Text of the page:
Oat seeding advanced to 78 percent complete by May 1, three percentage points behind last year but 13 percentage points ahead of the 5-year average. Fifty-six percent of the crop had emerged by May 1, three percentage points ahead of last year and 9 percentage points ahead of the 5-year average. Producers had planted 94 percent of this year's oat crop by May 15, slightly behind last year but 11 percentage points ahead of the 5-year average. The planting of oats was nearly complete Nationwide, with all estimating States, except North Dakota and Ohio, having at least 90 percent of the intended acreage planted by the second week of the month. Eighty-one percent of the oat crop was emerged by May 15, slightly ahead of last year and 15 percentage points ahead of the 5-year average. Ninety-five percent of the oat crop was emerged by May 29, slightly ahead of last year and 9 percentage points ahead of the 5-year average. By the end of the month, 30 percent of the oat crop was at or beyond the heading stage, slightly ahead of last year but 2 percentage points behind the 5-year average. In Texas, the oat harvest was 17 percent complete, 22 percentage points behind the 5-year average, due to wet conditions. Overall, 73 percent of the oat crop was reported in good to excellent condition on May 29, up slightly from the total rated in these two categories on May 8 and 5 percentage points better than at the same time last year.

Nationwide, barley producers had seeded 57 percent of the Nation's crop by May 1, thirteen percentage points behind last year but 10 percentage points ahead of the 5-year average. By May 1, emergence was evident in 29 percent of the Nation's barley acreage, 4 percentage points behind last year but 11 percentage points ahead of the 5-year average. By May 15, ninety percent of the barley crop was seeded, 3 percentage points behind last year but 19 percentage points ahead of the 5-year average. By May 15, sixty-eight percent of the barley had emerged, equal to last year but 26 percentage points, or more than two weeks, ahead of the 5-year average. Emergence was over 15 percentage points ahead of the 5-year average in all estimating States except Washington. Nationwide, 97 percent of the barley crop was sown by May 29, three percentage points behind last year but 9 percentage points ahead of the 5-year average. Eighty-eight percent of the barley crop had emerged by May 29, four percentage points behind last year but 19 percentage points ahead of the 5-year average. Overall, 77 percent of the barley crop was reported in good to excellent condition on May 29, two percentage points better than the May 15 ratings and 3 percentage points better than at the same time last year.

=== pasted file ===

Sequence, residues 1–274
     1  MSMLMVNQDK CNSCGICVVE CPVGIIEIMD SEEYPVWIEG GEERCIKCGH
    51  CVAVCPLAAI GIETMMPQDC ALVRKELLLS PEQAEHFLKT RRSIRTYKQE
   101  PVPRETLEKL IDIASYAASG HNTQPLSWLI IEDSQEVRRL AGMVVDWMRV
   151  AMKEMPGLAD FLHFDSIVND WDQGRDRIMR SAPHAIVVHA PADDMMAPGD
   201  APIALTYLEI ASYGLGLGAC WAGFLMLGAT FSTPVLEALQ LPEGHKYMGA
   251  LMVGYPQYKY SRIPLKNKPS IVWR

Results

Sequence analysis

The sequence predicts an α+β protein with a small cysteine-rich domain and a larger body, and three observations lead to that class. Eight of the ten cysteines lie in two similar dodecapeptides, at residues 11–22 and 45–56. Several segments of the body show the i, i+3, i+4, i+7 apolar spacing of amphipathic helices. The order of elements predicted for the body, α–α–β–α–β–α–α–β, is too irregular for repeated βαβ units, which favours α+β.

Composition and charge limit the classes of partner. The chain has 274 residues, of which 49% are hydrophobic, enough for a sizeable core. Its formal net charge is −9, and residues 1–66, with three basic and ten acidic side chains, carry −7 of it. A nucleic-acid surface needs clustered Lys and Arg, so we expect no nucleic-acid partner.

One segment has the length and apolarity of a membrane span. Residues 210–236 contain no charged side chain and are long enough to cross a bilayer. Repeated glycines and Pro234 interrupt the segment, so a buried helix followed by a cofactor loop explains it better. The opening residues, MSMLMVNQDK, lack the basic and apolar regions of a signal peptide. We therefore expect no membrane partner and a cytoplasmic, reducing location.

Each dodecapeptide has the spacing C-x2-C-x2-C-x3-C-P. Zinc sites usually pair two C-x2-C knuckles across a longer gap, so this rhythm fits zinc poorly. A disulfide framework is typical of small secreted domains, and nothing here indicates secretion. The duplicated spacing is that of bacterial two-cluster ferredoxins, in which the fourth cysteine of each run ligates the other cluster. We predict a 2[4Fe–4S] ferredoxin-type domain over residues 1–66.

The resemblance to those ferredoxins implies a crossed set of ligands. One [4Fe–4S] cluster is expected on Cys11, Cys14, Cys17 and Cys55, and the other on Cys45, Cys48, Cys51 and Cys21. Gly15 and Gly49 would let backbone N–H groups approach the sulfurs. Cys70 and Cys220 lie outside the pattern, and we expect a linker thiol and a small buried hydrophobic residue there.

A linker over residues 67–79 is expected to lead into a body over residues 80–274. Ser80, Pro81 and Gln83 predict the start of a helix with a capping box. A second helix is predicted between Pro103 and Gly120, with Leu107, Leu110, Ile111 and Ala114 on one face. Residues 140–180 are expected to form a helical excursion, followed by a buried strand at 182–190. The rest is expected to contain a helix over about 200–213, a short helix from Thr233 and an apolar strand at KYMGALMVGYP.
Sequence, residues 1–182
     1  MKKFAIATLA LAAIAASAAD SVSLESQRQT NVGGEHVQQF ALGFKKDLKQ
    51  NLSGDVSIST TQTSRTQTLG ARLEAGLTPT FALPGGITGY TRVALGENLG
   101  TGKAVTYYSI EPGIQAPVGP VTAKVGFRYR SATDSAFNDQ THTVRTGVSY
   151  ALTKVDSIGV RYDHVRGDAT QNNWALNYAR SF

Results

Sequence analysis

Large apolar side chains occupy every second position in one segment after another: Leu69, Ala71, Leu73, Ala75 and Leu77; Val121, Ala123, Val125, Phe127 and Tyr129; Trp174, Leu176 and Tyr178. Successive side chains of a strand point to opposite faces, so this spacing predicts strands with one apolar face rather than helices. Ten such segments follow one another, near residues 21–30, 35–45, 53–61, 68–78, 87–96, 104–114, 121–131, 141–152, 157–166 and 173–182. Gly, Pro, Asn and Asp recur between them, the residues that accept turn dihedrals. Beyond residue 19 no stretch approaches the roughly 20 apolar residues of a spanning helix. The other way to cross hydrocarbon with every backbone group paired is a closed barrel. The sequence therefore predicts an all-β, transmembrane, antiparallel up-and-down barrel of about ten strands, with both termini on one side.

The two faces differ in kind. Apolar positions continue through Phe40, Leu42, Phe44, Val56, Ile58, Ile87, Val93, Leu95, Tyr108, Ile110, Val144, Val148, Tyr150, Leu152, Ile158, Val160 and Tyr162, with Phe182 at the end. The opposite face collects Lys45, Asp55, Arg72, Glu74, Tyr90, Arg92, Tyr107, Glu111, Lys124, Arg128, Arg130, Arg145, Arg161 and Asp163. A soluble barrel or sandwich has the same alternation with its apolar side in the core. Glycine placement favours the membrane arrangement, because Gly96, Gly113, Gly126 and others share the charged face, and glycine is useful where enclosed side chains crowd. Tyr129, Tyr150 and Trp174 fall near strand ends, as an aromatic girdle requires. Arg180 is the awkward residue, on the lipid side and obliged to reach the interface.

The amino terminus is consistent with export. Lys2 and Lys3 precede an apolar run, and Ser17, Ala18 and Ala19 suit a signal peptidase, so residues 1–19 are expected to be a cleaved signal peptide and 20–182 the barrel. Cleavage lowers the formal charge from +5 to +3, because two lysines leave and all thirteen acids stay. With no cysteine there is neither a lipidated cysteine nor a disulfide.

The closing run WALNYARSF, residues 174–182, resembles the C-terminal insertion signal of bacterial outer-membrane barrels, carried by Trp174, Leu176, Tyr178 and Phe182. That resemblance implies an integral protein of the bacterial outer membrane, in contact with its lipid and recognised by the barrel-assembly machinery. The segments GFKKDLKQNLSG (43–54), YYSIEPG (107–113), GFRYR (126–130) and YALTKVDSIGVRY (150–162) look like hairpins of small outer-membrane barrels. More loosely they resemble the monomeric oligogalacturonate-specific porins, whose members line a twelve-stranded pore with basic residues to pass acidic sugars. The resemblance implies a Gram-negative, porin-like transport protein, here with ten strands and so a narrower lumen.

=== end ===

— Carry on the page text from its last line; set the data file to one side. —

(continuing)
By May 1, heading of the winter wheat crop had advanced to 42 percent complete, 3 percentage points ahead of last year and 8 percentage points ahead of the 5-year average. Heading advanced to 57 percent complete by May 8, five percentage points ahead of last year and 13 percentage points ahead of the 5-year average. Seventy-three percent of the wheat crop was headed in Kansas by May 8, twenty-seven percentage points ahead of the 5-year average. By May 22, seventy-five percent of this year's winter wheat crop was at or beyond the heading stage, slightly ahead of last year and 9 percentage points ahead of the 5-year average. In Texas, damage of wheat due to hail was reported in areas of the Northern Low Plains and Edwards Plateau. Nationally, heading of this year's winter wheat crop advanced to 84 percent complete by May 29, two percentage points ahead of last year and 8 percentage points ahead of the 5-year average. In Washington, 76 percent was headed by the end of the month, 36 percentage points ahead of the 5-year average. Wet conditions have delayed the harvest of winter wheat in Texas, with 11 percent harvested by May 29, six percentage points behind the 5-year average. Overall, 63 percent of the winter wheat crop was reported in good to excellent condition on May 29, up 2 percentage points from the beginning of the month and 19 percentage points better than at the same time last year.